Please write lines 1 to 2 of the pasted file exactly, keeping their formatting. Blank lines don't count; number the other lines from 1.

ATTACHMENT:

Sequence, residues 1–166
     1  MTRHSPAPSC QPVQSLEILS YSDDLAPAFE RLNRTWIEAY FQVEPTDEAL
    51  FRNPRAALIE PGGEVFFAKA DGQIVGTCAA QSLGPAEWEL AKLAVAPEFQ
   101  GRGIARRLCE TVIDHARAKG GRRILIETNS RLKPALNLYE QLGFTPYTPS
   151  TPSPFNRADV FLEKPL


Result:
Sequence, residues 1–166
     1  MTRHSPAPSC QPVQSLEILS YSDDLAPAFE RLNRTWIEAY FQVEPTDEAL